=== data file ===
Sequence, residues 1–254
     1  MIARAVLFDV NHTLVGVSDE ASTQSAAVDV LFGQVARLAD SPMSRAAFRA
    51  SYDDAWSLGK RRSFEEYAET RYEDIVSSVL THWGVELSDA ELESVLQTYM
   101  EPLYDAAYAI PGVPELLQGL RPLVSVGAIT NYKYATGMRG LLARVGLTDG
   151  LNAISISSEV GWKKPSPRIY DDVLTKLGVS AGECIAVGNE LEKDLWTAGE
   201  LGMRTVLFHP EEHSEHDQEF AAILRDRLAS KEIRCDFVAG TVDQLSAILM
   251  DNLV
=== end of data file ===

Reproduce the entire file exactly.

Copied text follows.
Sequence, residues 1–254
     1  MIARAVLFDV NHTLVGVSDE ASTQSAAVDV LFGQVARLAD SPMSRAAFRA
    51  SYDDAWSLGK RRSFEEYAET RYEDIVSSVL THWGVELSDA ELESVLQTYM
   101  EPLYDAAYAI PGVPELLQGL RPLVSVGAIT NYKYATGMRG LLARVGLTDG
   151  LNAISISSEV GWKKPSPRIY DDVLTKLGVS AGECIAVGNE LEKDLWTAGE
   201  LGMRTVLFHP EEHSEHDQEF AAILRDRLAS KEIRCDFVAG TVDQLSAILM
   251  DNLV